Friday, April 17, 2015

Cutting edge Japanese cuisine at Itamae Bar in Ginza Tokyo

I was looking forward to a traditional  Japanese dinner this cool Sunday evening in March with my long time gourmet friend Abe san.  However,  he ended up surprising me by bringing me to his latest restaurant discovery - a trendy, cool bar somewhere in the side streets of Ginza.

Itamae in Japanese means cook or chef.  Such a basic, simple name for a place that Abe san said was quite new,  now very popular and hot with the Tokyo dining crowd.

Itamae proudly proclaims what it offers ... Japanese Food / Sake / White Wine.  Oh dear, it seemed quite hipster-ish and young to me.

Looking around the casual, "industrialised" interiors of this modern izakaya,  I laughingly told Abe san that we were the oldest patrons in the place.

Counter seating was available,  conducive to watching the itamae or chef prepare and plate the dishes.  As it is essentially an izakaya or bar, Itamae serves mostly "otsumami" -- the Japanese version of "tapas" -- lots of small dishes meant to be enjoyed while drinking.   
It's what you would call a gastro-pub.  This being Tokyo, I was sure the pub fare would be superb.

When drinking in Japan, it is normal to start with a cold glass of nama or draft beer.
Then you can move on to sake or shochu or in the case of Itamae, something from their carefully chosen selection of white wines.
We were started off with a small amuse bouche of a shiso leaf wrapped around bits of stewed tofu, bamboo shoots, greens and diced potatoes.  The sauce was sharp, vibrant and refreshing.
A single pink blossom garnished this appetiser -- perhaps to evoke the coming sakura season.

 Abe san ordered one of Itamae's specialties -- grilled awabi or abalone, sliced and artfully presented on the shell.  Along with the awabi were fresh vegetables like baby corn,  a surprisingly sweet and tasty no-heat little red pepper,  cucumbers and daikon.
Everything was beautifully presented on a large glazed dish that mimicked the sheen and shape
of an abalone shell.

A dark green sauce accompanied the dish.   Made of abalone liver and fat, it delivered a
straight umami kick right to my unsuspecting palate.  This dip was decadently delicious --
rich, with a light hint of bitterness and deep overtones of the briny sea.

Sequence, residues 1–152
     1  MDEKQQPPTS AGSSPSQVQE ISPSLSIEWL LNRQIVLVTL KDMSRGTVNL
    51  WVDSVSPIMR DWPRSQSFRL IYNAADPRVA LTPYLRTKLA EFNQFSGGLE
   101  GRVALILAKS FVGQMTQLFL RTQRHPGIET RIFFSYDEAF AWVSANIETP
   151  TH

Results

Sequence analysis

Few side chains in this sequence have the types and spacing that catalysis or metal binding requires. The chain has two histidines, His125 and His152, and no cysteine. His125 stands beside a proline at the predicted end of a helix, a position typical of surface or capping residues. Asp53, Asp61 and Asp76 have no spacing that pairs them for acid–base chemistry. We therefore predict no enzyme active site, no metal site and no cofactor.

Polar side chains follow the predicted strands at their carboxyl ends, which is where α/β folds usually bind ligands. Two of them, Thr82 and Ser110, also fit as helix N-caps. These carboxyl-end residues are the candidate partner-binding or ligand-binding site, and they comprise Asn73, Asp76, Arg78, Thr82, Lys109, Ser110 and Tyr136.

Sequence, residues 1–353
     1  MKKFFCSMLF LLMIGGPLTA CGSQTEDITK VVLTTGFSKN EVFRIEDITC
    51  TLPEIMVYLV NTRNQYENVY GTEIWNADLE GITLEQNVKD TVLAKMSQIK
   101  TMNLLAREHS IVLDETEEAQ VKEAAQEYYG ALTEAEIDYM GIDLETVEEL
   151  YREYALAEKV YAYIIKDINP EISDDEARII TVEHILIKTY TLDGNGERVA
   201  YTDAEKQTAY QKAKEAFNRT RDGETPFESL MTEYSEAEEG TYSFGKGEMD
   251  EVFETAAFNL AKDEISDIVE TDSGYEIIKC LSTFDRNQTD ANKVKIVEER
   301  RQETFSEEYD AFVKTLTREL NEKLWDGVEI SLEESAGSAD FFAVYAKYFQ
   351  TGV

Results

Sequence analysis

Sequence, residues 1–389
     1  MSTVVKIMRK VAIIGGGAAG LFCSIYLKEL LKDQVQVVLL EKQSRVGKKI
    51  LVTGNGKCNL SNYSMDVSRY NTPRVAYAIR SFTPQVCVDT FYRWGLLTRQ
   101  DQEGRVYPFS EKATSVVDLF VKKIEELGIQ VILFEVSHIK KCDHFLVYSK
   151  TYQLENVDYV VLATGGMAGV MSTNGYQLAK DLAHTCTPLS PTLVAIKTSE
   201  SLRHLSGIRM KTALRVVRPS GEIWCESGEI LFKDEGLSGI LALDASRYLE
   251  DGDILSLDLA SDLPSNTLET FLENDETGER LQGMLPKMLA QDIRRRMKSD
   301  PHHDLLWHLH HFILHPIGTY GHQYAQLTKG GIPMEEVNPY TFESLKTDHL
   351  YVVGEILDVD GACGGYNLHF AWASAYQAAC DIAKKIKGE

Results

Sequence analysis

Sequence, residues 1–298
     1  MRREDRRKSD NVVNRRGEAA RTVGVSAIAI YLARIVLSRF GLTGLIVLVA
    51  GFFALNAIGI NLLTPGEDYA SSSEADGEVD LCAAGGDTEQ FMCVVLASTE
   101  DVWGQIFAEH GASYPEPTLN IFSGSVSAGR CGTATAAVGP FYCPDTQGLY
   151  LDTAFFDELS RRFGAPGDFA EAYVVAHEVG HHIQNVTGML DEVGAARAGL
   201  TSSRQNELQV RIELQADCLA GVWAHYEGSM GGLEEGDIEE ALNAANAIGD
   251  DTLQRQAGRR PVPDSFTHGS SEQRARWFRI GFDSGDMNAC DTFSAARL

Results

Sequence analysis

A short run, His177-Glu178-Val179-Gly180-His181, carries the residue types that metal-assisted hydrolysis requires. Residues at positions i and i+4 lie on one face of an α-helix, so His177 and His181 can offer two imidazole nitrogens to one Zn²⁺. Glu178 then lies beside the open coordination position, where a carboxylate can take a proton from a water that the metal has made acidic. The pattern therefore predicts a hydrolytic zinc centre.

So silky smooth with a complex, satisfying taste.
My Pinoy sensibilities secretly wished for a small bowl of  hot kanin or rice to slather all this superlative sauce on.
Extra rice please!

Itamae puts its modern, contemporary take on regular Japanese food.  From recent forays to non-traditional restaurants and bars in Japan, I note that cheese is used more and more in Japanese dishes.  This dish Abe san ordered was camembert lightly dusted with herbs,  fried up as a tempura and then wrapped in a thin, nearly translucent slice of fresh, uncured ham.
Pork and cheese -- definitely not kosher but oh so delicious.

It must have been all the richness -- from the ambrosial abalone dip to the mouthwatering camembert tempura but I was all of a sudden,  "onaka ippai yo" or quite full.
But it just took a little bit of persuading for me to agree to a one-for-the road order of assorted sashimi.
Abe san and I enjoyed fatty toro, slices of tai or sea bream,  succulent kampachi or yellowtail tuna, slivers of raw squid that slithered down my throat -- all these artfully presented on a bed of greens, twigs, julienned radish and yes -- a small dish of "nitro" for that  foggy molecular gastronomy effect.
I am happy to say that nitro or not, the sashimi was the star of the show.

An evening spent in wonderful company,  excellent contemporary Japanese food, beer and sake -- it was the perfect way to end the week-end, fully recharged for the meetings ahead.
I walked back to the hotel, enjoying the bright vibrant lights of Ginza and feeling grateful for new memories made -- of another great food experience with a dear old friend.

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